ATLANTA -- Nearly six months after surviving an internal coup aimed at his job, Bryan Harsin stood on the main stage of SEC Media Days inside the College Football Hall of Fame. Confident and holding nothing back, the second-year Auburn coach remained steadfast in his vision for the program -- an impressive feat considering that he just as easily could have been one-and-done in the SEC.
"There was an inquiry. It was uncomfortable. It was unfounded," said Harsin. "It presented the opportunity for people to attack me and my family and also my program. It didn't work."
Harsin's offseason plight was comparable to a daytime soap opera. His Tigers went 6-7 and lost their last five games of 2021. Harsin then lost both of his veteran SEC coordinators departed -- one by his choice and one via lateral move -- and a small village of players transferred out of the program. Plus, the recruiting effort leading up to the traditional National Signing Day was not up to par with what Auburn has expected throughout its rise to SEC contention.
Then came a bombshell the size of Jordan-Hare Stadium.
On February 3, Auburn Live reported that several high-profile officials had been actively searching for ways to fire Harsin "for cause." That set off a wild eight-day saga culminating with the announcement that Harsin would be retained as the coach of the Tigers.
It was a situation that was uniquely Auburn -- "Just Auburn Being Auburn" (JABA). The program has been known for decades as one that has too many chefs in the kitchen. The most notable example came in 2003, the week of the Iron Bowl vs. Alabama, when former athletic director David Housel and several influential boosters flew to Louisville to gauge then-Cardinals coach Bobby Petrino's interest in the Auburn head coaching job, still occupied by Tommy Tuberville at the time.
The question that swirled around SEC Media Days on Thursday was simple: what happens next? Harsin is comfortable ... at least for now ... with where he stands with the powers-that-be.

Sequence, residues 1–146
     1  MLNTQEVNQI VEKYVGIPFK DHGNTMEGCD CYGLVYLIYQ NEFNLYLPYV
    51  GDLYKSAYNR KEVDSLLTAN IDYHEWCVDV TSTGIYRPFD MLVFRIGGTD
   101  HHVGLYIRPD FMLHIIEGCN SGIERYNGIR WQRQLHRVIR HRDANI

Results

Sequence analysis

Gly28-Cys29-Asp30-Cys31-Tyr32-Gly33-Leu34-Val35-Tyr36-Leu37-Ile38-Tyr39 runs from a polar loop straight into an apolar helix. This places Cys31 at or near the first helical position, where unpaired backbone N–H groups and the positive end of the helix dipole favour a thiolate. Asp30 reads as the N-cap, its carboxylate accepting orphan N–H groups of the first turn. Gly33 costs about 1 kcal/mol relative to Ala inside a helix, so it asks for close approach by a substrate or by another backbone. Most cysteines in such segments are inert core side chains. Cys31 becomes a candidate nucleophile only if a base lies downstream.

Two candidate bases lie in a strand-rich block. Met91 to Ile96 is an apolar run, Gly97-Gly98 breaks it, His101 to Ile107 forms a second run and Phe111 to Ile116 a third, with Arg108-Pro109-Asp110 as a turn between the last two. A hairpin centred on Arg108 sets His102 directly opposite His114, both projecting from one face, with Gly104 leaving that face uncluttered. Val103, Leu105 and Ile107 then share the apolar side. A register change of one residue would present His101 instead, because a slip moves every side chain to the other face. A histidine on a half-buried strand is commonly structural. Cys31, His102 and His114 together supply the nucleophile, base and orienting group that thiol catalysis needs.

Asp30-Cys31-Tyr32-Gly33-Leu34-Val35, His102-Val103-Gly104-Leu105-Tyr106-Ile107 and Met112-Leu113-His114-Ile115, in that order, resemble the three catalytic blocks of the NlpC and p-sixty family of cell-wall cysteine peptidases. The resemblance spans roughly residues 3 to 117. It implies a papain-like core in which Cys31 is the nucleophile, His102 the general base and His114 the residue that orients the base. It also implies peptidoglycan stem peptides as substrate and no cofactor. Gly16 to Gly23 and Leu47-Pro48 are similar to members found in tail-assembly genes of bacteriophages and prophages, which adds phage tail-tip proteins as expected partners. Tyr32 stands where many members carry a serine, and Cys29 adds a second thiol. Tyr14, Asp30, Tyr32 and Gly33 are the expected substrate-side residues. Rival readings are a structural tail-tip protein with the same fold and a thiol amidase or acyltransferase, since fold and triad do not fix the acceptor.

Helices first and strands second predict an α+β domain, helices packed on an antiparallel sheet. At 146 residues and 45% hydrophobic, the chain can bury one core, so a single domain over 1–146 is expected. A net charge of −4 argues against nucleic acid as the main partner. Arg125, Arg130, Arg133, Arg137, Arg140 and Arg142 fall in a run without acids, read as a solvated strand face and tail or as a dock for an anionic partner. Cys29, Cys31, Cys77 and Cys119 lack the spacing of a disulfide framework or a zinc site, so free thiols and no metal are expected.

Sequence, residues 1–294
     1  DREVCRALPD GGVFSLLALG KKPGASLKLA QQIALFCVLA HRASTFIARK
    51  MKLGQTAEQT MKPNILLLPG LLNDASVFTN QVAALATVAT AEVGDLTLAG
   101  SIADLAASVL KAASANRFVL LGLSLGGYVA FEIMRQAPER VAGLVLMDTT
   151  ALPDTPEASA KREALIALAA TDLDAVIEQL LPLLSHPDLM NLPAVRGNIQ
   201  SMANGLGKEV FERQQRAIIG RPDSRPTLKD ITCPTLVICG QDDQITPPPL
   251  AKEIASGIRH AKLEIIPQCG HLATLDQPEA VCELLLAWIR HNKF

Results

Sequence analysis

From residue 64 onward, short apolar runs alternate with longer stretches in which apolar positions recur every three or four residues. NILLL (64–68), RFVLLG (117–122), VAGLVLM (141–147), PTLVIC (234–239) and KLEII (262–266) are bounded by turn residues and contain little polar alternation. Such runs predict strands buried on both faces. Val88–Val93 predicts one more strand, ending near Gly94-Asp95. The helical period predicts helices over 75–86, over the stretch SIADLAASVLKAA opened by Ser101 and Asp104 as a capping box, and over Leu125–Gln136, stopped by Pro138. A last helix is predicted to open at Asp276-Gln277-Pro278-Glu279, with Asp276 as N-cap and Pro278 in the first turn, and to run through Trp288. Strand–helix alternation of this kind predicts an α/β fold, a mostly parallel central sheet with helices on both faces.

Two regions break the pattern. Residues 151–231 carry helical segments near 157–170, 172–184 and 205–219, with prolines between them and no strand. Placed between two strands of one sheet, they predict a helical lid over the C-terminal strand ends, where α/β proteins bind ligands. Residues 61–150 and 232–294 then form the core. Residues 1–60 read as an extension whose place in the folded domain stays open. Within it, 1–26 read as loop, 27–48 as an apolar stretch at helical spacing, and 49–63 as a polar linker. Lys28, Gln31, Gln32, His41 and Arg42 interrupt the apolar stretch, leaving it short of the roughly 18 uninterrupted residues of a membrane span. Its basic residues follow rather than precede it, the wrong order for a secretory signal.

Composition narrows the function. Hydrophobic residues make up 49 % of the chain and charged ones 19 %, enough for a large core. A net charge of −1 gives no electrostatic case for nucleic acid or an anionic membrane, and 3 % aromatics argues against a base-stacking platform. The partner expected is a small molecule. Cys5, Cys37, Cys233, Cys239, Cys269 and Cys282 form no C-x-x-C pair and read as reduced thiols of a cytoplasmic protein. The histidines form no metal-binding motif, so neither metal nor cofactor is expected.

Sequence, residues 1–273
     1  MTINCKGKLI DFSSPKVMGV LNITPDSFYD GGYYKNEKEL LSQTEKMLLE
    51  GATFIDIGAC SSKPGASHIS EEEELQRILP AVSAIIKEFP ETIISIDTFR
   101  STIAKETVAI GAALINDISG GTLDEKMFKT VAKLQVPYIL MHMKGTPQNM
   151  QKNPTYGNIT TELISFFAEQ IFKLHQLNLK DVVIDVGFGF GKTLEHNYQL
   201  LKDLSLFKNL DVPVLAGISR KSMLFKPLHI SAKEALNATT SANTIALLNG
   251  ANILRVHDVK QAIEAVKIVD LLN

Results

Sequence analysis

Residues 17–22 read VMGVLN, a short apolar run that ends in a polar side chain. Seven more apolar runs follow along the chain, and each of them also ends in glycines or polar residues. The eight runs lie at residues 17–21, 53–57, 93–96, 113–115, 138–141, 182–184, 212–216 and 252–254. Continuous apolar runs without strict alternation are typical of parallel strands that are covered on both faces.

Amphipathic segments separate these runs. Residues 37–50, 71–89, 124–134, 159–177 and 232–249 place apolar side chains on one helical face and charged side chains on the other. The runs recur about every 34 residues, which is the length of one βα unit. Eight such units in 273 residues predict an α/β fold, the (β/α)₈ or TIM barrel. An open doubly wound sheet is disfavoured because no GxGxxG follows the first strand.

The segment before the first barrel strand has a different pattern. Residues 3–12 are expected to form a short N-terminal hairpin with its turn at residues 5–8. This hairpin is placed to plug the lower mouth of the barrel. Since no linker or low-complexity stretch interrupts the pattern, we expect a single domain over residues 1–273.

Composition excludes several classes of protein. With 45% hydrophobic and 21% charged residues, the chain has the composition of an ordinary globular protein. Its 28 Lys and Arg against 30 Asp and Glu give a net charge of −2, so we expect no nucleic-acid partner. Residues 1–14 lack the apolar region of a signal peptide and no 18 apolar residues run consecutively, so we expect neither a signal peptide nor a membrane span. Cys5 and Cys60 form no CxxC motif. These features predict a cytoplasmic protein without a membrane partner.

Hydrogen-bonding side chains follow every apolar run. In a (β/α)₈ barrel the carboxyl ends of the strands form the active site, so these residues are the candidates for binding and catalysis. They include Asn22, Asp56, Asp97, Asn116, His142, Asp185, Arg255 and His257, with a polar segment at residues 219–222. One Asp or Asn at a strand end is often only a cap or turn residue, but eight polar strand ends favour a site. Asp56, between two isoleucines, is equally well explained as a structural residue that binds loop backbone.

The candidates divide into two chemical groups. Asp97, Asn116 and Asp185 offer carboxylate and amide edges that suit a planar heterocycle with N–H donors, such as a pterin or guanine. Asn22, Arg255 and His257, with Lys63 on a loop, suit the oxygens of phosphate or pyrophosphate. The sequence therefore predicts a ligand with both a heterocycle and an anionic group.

"Right now, our focus is moving forward," Harsin said. "What came out of that inquiry were a lot of positives. There's a silver lining in all of this because what I saw from our players and our coaches were leadership opportunities for them to step up. That's exactly what they did. You got a chance to see guys provide leadership and coaches to provide leadership. What it did is that it united our football team. It united our players. It united our staff and it united our football team. I'm really proud of our guys. I'm proud of what something like that, which can be very challenging and difficult for a lot of people, how our guys stepped up and handled it."
Tight end John Samuel Shenker, who has been supportive of Harsin on social media, echoed those sentiments.
"I'm a Bryan Harsin fan through and through," said Shenker. "You also know, knowing his character and the man that he is and the father that he is husband he is, they're just there to stir the pot. It got blown up with social media. To back him is something that we though, even [defensive lineman] Derick [Hall], myself and some other guys on the team thought that was best. Having that experience with him brought us closer as a team. I thought it might be an issue and separating guys, but it really did bring us closer. We are all pushing for one thing and that's to keep our coach here."
How long will this "peace" last, though? CBS Sports senior writer Dennis Dodd placed Harsin onearlier this month. The schedule doesn't suggest that he'll get off of said hot seat unless the Tigers orchestrate a massive one-year turnaround.
Auburn faces both participants of last season's national title game -- Georgia and Alabama -- on the road. The Tigers also face Ole Miss on the road the week after the Georgia game and get Penn State at home in Week 3.
For now, Harsin has met the people who tried to oust him in the middle. That's the first step. The second, however, will be the biggest challenge of his career: actually winning in the SEC.